The Definition of Classic
There’s a reason Feby’s Fishery has stayed in business for 35 years: It doesn’t swim against the tide.
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A local dairy celebrates a milestone.
Hy-Point Dairy has spent the past 90 years becoming such a big part of Delaware’s fabric, the name is as recognizable as the company’s trucks.
But as the Wilmington dairy reaches a milestone, it’s business as usual down on the farm, where 41 yellow trucks (plus one painted red, white and blue) load up daily to deliver milk across Delaware and into Maryland, New Jersey and Pennsylvania.
If you attended a Delaware school any time during the past 50 years, there’s a good chance you’ve drunk Hy-Point milk, which has been offered in school cafeterias (in cardboard cartons, then plastic pouches and now plastic cartons) for decades. Hy-Point is contracted by the state to supply state buildings, plus hospitals, penitentiaries and police departments. Many restaurants, mom-and-pop shops, and all of the state’s Happy Harry’s locations carry Hy-Point products, which include cream, juices and its delicious chocolate milk.
Hy-Point has outlasted almost all of the 164 dairies that existed in Delaware when it opened in 1919. Today it’s one of only two independently owned dairies in the state. Operations began on John A. Meany’s farm with about a dozen cows producing two or three cases of milk daily, which were delivered in glass bottles to customers’ doorsteps.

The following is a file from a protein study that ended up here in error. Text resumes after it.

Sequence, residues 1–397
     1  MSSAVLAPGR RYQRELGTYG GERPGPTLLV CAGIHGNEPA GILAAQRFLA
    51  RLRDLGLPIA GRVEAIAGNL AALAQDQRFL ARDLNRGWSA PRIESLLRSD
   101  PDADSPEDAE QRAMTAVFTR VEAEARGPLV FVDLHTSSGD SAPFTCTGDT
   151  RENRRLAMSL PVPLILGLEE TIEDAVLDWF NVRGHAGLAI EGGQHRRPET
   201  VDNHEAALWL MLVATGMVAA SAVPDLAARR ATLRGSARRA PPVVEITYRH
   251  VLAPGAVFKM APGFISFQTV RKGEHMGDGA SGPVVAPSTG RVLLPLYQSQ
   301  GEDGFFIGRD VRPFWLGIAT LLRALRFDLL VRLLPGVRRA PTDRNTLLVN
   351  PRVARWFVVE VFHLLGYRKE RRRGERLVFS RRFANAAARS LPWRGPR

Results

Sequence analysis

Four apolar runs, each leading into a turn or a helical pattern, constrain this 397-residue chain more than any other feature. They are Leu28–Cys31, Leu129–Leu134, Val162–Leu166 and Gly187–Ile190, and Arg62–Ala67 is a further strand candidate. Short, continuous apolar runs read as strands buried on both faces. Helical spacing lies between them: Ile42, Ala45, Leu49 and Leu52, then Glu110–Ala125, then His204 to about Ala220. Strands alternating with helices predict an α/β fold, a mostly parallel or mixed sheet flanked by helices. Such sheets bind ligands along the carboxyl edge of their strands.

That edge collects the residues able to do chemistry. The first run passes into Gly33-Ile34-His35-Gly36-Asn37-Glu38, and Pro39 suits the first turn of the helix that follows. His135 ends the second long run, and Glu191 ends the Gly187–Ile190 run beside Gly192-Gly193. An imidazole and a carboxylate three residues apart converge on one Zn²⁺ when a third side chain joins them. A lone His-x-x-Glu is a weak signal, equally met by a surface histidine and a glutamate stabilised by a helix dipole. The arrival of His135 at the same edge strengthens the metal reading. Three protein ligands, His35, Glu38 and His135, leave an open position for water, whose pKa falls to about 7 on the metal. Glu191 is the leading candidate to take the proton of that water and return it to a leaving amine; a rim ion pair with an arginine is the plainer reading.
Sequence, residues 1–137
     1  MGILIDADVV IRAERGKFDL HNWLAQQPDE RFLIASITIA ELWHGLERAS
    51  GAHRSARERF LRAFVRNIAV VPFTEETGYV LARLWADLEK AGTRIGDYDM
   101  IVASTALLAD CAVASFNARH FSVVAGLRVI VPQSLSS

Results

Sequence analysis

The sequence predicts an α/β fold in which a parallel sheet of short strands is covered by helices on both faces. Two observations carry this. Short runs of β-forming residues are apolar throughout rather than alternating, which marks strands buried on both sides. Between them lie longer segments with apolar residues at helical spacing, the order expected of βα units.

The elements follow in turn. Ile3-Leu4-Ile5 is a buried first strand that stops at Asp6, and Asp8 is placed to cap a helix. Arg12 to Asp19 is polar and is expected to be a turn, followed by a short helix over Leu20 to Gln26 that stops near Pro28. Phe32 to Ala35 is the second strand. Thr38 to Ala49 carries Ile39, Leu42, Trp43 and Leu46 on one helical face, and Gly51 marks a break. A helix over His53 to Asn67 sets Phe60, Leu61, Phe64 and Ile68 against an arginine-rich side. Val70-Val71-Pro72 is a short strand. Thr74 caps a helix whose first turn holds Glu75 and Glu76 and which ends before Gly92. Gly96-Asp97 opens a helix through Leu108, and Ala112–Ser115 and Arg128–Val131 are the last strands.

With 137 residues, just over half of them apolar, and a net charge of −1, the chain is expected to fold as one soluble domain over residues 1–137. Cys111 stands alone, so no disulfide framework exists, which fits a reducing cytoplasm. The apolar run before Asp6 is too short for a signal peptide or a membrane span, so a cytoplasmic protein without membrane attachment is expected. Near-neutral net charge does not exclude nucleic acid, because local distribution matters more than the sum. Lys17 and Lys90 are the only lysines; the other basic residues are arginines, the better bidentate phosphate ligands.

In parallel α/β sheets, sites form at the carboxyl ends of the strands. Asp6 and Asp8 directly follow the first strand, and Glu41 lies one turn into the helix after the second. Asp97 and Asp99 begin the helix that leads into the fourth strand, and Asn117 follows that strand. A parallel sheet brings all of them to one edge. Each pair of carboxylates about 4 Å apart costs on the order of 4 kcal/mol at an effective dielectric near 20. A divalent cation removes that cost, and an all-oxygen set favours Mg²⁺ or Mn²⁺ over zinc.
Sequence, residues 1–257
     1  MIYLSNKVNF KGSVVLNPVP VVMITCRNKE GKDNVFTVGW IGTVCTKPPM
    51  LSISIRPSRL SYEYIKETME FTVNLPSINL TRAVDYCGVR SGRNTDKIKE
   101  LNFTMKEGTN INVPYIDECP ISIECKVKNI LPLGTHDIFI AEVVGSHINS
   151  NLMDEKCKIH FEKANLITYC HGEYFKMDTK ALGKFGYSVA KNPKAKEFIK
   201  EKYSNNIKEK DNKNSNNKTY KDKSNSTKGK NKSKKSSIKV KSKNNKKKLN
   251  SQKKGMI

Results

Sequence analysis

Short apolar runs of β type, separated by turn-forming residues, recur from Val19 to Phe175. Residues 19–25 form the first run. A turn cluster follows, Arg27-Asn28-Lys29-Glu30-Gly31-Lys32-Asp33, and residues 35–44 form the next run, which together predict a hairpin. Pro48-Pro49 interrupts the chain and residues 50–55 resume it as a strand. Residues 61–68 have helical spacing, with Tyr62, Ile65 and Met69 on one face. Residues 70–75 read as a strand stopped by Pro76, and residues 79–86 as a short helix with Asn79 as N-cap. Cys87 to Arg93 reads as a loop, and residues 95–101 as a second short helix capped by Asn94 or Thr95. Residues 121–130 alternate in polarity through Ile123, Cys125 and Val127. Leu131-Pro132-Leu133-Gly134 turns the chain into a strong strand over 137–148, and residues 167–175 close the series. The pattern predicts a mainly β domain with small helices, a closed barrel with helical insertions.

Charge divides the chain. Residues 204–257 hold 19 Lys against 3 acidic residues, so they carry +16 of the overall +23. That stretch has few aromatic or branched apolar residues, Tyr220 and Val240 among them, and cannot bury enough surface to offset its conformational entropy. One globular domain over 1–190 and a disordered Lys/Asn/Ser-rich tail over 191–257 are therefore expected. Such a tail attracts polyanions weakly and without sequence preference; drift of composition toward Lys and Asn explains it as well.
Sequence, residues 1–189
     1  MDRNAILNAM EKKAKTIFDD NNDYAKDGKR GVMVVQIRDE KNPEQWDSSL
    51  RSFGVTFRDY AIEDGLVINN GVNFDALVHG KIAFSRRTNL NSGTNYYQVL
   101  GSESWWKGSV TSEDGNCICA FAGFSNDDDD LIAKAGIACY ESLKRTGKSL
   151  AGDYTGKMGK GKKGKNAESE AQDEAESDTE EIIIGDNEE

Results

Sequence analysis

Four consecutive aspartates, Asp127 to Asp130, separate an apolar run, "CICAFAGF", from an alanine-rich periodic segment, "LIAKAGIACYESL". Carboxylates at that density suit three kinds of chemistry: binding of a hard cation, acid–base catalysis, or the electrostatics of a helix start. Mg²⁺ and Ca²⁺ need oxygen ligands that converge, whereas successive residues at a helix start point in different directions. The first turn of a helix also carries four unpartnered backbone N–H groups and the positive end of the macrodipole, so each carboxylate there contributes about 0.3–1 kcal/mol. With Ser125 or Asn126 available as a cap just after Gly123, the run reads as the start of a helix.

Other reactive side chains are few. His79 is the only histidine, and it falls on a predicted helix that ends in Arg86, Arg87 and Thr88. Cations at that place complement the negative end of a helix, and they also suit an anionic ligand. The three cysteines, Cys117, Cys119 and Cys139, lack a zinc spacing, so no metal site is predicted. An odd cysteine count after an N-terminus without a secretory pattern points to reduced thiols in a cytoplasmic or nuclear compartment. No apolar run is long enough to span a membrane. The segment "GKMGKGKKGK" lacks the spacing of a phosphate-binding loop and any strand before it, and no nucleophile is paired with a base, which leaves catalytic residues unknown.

Today there are no cows at the Beaver Valley Road farm, but the facility, run by John’s grandson Jay Meany, brings in raw milk daily to produce anywhere from 30,000 to 33,000 gallons of store-ready milk a day, which goes out to 3,600 customers.
Hy-Point is especially well-known among local Little Leagues, sponsoring four Naamans teams, plus one in Brandywine Little League and one in Midway Little League. Hy-Point is a fixture with local non-profits and charities, and staff regularly scoops out ice cream at community events.
Family and community are big at Hy-Point, says Meany, and that’s been the key to its success and longevity.
“I think our secret is a deeply felt interest in something other than money,” Meany says. “It’s in making the product and making the name last.” —Matt Amis